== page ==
This might be why your zucchini tastes bad

Ah, zucchini! To the uninitiated, this succulent squash is merely a slightly more chewy and less juicy version of the noble cucumber, but for the people familiar with its healthiness and texture, it opens a nearly endless world of cool recipes that range from zucchini bread and salad to enchiladas and, of course, zucchini noodles, which the world insists on calling "zoodles" for reasons best unexplored.

However, just because zucchini is highly versatile doesn't mean that it's necessarily easy to cook with. If you for whatever reason end up with a giant surplus of summertime zucchini, it's all too easy to let it all quietly sit until they're (over)ripe for compost, just because you tried one recipe and it tasted like feet. Turns out, there's a very simple reason your zucchini dish might taste less than delightful — and we're here today to find out what it is, and to help you avoid it in the future. Let's take a look at the reason your zucchini might taste bad.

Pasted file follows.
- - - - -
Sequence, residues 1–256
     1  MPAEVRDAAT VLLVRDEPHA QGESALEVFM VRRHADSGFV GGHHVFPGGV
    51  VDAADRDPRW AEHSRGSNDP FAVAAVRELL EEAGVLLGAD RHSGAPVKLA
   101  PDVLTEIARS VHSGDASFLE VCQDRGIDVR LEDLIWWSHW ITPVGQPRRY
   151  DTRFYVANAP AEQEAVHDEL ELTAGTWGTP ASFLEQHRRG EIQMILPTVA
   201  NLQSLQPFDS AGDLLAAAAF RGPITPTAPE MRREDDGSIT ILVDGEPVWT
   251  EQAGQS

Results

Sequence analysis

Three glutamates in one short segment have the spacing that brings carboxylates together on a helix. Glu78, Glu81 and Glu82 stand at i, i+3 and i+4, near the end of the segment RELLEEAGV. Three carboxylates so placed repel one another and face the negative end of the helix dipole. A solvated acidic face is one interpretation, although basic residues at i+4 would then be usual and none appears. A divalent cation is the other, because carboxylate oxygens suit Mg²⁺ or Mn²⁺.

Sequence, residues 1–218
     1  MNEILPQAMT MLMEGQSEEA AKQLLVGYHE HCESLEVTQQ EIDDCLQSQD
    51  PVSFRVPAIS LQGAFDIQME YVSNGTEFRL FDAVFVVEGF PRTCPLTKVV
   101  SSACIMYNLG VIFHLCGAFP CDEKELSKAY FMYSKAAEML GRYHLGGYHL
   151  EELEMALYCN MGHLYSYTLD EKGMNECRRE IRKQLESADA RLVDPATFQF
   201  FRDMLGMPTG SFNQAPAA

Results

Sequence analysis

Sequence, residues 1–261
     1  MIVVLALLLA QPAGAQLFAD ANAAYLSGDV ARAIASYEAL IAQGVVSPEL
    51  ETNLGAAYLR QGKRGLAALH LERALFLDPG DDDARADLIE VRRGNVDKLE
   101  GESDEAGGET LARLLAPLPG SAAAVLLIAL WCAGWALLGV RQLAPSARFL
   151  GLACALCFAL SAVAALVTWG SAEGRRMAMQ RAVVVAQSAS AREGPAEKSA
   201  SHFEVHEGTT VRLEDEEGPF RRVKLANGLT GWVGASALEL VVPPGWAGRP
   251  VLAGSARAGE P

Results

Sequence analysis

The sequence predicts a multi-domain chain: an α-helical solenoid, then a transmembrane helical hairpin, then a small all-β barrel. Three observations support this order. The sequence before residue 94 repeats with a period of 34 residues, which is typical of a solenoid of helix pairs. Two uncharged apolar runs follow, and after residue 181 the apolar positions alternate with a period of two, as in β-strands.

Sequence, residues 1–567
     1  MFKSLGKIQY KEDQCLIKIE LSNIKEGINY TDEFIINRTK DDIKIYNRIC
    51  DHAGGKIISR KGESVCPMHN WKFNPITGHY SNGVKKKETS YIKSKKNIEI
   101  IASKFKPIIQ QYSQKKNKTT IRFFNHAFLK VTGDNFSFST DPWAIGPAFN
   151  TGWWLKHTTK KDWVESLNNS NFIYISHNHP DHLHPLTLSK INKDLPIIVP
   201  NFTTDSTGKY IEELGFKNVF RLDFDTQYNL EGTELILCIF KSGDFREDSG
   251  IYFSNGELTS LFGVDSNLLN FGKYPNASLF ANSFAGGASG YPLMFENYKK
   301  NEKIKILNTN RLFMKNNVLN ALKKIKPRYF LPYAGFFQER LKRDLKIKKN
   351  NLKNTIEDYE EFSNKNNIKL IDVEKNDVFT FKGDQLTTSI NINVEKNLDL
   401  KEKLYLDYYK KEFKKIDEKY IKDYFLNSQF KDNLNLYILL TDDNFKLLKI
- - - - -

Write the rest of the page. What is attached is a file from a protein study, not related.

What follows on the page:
Badly cooked zucchini can be an abomination

As is the case with most anything, zucchini can taste incredibly underwhelming if it's cooked badly. Per Bon Appetitone of the chief things people don't like zucchini — and soft summer squash in general — is that the dishes they've tasted have been of the all-too-familiar under-seasoned, wet variety everyone knows and dreads.

Still, that's not to say zucchini can't be an excellent treat. You just need to remember a few simple things when cooking it. The first and arguably foremost is: Season it like there's no tomorrow. A zucchini's pores are full of water, so it needs a lot of flavor to really stand out. Another one is that a soft zucchini is a delight, but a moist one is a terror.

Simmering is a good way to bring out the best in the squash, since it allows some of the water to cook out and leaves the zucchini with a delightfully silky texture. Grilling the outside is also a thing to consider, since it brings a nice char to the outer layers, and keeps the inside nice and firm. Oh, and there's also the option of eating the well-seasoned zucchini raw, as part of a salad, or maybe making it into a nice, quick salsa.

All in all, the possibilities for zucchini are endless — just remember to season it well and avoid turning it into an unsavory mush.